We have reached Day Four of the 2010 ‘Island Hop’ — one of many ferry safaris undertaken by Stuart Craig and friends between 1989 and 2013. You can read about the first 20 ‘Island Hops’ in Stuart’s books Away with the Ferries and Still Away with the Ferries: click here to buy the latter volume from the CRSC Shop at a specially discounted price, and you won’t stop laughing.
This latest episode finds the fab foursome trying to complete one of their longest-ever trips, as they head back to the Clyde from Tiree. To find out how their 2010 island-hopping holiday has gone so far, click here and here. For Stuart’s two-part report on their 2009 ‘Island Hop’, click here and here.
Day Four — Friday 4 June 2010
It’s another early start and I decide to go for a walk. Tiree is one of those islands where everyone who drives past waves at you. It makes you feel as though you are either royalty or have lots of friends. In the 10 minutes it takes to walk down to the pier I’ve gained eight new pals — don’t know any of their names but with friendly waves like that it can only be a matter of time before we swap email addresses. Either that or I look like Prince Charles this morning.
I assured the chaps earlier that the pier would not be busy. I couldn’t have been more wrong. Around 60/70 cars are awaiting the arrival of Clansman. This takes me aback as there was obviously a sailing to Oban yesterday afternoon. But this is the English Whitsun holiday and many families are returning home, having had a glorious week on the island. The weather seems to be changing, however, as splats of rain accompany me on my royal walkabout.
In the car a bit later we have a discussion about whether Clansman has a mezzanine deck or not. I say ‘no’ but should really know better. It transpires that Clansman, and her sister Hebrides, each have a shorter mezz on the starboard side only, and it is in use today. Gibbie certainly knows better and heads off to ask the purser how the car deck is balanced on such a busy ship. It’s the engineer in him – he just has to know those kind of things. To balance the ship, ballast water is pumped from one side to the other to keep the ship on an even keel.
The ship is certainly busy, the busiest I have seen Clansman, I think. There are lots of blond, tousle-haired children roaming about, lots of dads in shorts and no small number of women knitting — presumably they’ve fleeced a couple of Tiree sheep during the course of the week. In the children’s corner The Flintstones is on telly, so that keeps the dads out of trouble for a while.
We keep well out of the way out on the rear deck — which is to say the only deck on Clansman. We are heading for Coll now and amazingly there are another 30 cars waiting there! The deck officer then has a very difficult job trying to physically fit all the awaiting traffic onto the car deck. It is great fun watching this. Many of the cars have bikes on rear carriers and this adds to the problem.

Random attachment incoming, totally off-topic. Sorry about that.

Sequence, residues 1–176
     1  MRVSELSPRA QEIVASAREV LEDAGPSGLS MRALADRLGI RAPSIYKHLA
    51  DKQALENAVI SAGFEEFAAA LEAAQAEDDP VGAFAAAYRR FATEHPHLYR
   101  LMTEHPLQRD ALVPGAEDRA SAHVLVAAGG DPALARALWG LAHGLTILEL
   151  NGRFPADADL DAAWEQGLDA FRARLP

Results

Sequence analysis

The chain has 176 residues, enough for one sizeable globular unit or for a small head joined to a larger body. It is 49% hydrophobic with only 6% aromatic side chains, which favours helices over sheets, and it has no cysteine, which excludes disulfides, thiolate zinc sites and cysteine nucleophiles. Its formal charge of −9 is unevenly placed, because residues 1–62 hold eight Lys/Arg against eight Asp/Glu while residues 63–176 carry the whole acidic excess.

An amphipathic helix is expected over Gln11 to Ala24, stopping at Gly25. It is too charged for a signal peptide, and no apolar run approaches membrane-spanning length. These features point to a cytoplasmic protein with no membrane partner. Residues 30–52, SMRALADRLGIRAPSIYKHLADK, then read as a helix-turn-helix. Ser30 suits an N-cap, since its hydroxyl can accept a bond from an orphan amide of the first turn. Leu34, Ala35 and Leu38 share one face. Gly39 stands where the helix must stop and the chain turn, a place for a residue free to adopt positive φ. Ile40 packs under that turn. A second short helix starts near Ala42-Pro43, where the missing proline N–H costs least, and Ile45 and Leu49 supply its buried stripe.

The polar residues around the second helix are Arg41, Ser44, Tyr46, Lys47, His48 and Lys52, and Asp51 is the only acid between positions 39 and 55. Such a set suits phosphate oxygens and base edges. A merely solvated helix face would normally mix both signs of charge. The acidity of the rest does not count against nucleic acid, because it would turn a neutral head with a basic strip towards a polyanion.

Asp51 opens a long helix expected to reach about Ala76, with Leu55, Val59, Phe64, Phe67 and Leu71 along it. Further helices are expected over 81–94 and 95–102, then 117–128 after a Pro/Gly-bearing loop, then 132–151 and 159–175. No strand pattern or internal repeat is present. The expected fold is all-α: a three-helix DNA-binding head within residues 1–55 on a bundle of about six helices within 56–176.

It takes half an hour to load at Arinagour pier, but the last car is successfully crammed in and we are on our way again — heading now for Oban. As we are sailing with the wind the deck is the place to be and we spend the entire sail to Oban out there; well almost the entire sailing. As usual I am drawn at some point to the cafeteria. I buy a tea and the steward on the till is obviously in chirpy mood.
“That’ll be £13.70 please.”
Before I can react he quickly offers “only kidding, £1.15.”
“I bet someone would buy that,” I return.
“Oh yes, last week a chap came up to the counter with two fish and chips, I said £36.70 please and he just handed it over.”
“I hope he shared your sense of humour.”
“Yes he thought it was quite funny.”
“Strange, because I know some places where that’s quite cheap for a fish supper!”
At Oban we are the second last car off the ferry — we are on the mezzanine deck. We drive out of town speedily, making this the briefest visit we’ve ever made to the west coast metropolis. There is no hanging about because none of the other ships that regularly sail out of here are due in port.
Tonight we will be staying on Arran, so we take the most direct route to get ourselves there. That involves the Claonaig-Lochranza ferry. So our route is down the A83 to Lochgilphead, then Tarbert and on to the Kintyre ferry port of Claonaig.
The Claonaig ferry is not bookable so it is with a degree of concern that we join the end of a convoy of vehicles heading up the single-track road from Kennacraig towards the Claonaig slipway. But the cars ahead of us all turn off in various directions and we quickly realise there will be no problem getting aboard Loch Tarbert.
By now the sky has cleared completely, any remaining breeze has dissipated and a calm has descended. This is a shame in a sense because I always like a wee roll on this crossing, even a roll and sausage would be quite nice, but neither is on offer. We sail at 1620 and it is flat calm. Up on the top deck the peaks of Arran draw gradually nearer.
Andy drives us south through an Arran which is looking particularly stunning this afternoon. The hillsides are a vivid green dotted with yellow broom and white hawthorn bushes. It is nice to have someone else do the driving, even if it is Sterling Anderson, and to be able to ogle at the scenery. For although I have been here so many times, the dramatic scenery of the north-east corner of Arran never tires the eye as it has to be one of the most stunning parts of Scotland.